“Being on both sides of it has given me a unique perspective, because I was both the fetus and the scared woman facing an unplanned pregnancy,” she says.
Holding these seemingly disparate values has earned Herndon-De La Rosa her fair share of haters, but she insists that her organization boasts a veritable rainbow of diversity — with Trumpers, Bernie Bros, Libertarians and everyone in between melding together for the same cause.
Herndon-De La Rosa was a Republican when she was younger, she says. But she later left the party when she realized she disagreed with nearly everything it stood for, abortion notwithstanding. In fact, Herndon-De La Rosa recently penned an editorial for The Dallas Morning News. In it, she argues that Trump, the oft-called “Most Pro-Life President,” could be doing a lot more than he is to end abortion.
But that doesn’t mean that Herndon-De La Rosa goes to bed each night praying that 1973’s landmark Roe v. Wade ruling will be overturned. In fact, she agrees with most pro-choicers in their prediction that if abortion were made illegal today, women would seek it anyway using far riskier means.
“Abortion is a symptom,” Herndon-De La Rosa says. “And so I think it’s really, really important that we look at women and say, ‘What is standing in the way from you being able to make a nonviolent choice here?’”
Well, a lack of support for one, she says. In Herndon-De La Rosa’s perfect world, abortions would be needless and unthinkable, not just illegal. Pro-life activists should band together to create day care and babysitting programs for moms in need, Herndon-De La Rosa argues. Paid parental leave — for both men and women — should be mandatory in the workforce, and schools should implement comprehensive sex education and pregnancy mentorship programs to better prepare new moms for motherhood, she says.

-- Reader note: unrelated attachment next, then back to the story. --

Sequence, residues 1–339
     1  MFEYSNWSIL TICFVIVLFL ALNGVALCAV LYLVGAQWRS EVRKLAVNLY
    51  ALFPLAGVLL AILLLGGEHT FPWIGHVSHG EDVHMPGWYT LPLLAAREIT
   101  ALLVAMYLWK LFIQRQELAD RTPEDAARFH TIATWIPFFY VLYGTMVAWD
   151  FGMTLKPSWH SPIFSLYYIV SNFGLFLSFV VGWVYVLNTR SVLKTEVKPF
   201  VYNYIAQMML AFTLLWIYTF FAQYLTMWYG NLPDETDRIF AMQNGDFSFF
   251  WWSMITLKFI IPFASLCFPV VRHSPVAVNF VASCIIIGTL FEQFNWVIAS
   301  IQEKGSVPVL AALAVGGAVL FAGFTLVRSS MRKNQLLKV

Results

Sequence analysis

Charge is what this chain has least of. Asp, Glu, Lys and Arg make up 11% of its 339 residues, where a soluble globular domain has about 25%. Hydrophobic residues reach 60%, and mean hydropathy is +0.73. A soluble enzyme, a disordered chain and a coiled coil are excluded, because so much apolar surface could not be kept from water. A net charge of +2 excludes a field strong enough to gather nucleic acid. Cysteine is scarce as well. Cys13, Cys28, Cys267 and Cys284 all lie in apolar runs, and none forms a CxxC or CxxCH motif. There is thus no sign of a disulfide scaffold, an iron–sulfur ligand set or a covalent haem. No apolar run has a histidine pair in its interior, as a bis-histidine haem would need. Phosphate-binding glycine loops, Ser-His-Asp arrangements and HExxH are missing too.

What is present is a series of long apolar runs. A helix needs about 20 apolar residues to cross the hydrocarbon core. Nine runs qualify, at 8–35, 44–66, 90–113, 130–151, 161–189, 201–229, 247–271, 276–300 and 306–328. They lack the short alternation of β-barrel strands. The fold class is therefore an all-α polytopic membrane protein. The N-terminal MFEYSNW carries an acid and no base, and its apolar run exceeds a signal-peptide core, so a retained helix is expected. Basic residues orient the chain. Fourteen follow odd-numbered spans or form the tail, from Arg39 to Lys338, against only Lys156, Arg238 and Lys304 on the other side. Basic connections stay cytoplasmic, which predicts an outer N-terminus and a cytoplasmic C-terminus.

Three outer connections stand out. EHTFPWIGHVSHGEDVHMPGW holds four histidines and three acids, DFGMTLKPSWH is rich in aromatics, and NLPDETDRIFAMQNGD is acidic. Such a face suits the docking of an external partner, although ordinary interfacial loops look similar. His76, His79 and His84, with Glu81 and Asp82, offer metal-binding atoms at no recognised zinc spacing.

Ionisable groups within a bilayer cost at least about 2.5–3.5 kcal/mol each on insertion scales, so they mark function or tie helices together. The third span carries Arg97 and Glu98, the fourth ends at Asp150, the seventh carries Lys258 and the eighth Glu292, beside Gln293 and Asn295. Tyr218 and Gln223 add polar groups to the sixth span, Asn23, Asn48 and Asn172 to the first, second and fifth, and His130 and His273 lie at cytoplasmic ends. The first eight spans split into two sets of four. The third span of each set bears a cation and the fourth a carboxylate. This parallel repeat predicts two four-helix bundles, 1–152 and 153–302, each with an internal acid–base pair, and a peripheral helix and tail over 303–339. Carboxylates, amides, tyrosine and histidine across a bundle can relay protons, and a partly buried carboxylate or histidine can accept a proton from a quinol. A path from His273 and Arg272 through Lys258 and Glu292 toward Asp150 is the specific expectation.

Then eventually, the need for abortion would diminish enough to make Roe v. Wade nothing but an antiquated dictate, Herndon-De La Rosa says.
“At the end of the day, feminism is just stepping up and being there for women,” she says. “Then abortion becomes unnecessary, because she has the support she needs.”
A new study out of the University of California at San Francisco concluded that 95% of women who had an abortion reported they made the right decision five years later. Herndon-De La Rosa is wary of this study, incidentally. She cites rebuttals on right-leaning outlets like the National Review that claim the results were skewed by the number of women who declined to participate. But Herndon-De La Rosa believes there are likely scores of women who fall in the gray area between “satisfied” and “horrified”; some may think abortion was the right choice for them at the time, but still experience pangs of regret.
The activist also says that she has nothing but the utmost compassion for women who must make the difficult decision to abort an unwanted pregnancy. Many of her best friends have had one themselves. But she also believes that women should be 100% informed of the gravity of the choice they’re making before their procedure. Herndon-De La Rosa says they should see the sonograms and hear the fetal heartbeat so they fully understand what they’re about to do.
Still, pro-lifers aren’t getting anywhere by hurling bloody fetuses at Planned Parenthood patients, Herndon-De La Rosa says. And old-school feminists aren’t doing the movement any favors by snubbing their pro-life allies. Rather, Herndon-De La Rosa hopes that people on both sides of the aisle will set aside their unmoving convictions and listen to one another.
“I want to invite everybody into this conversation and have people work together,” she says. “Because ultimately, I think at the heart of what pro-choice and pro-life advocates are doing is compassion for women.”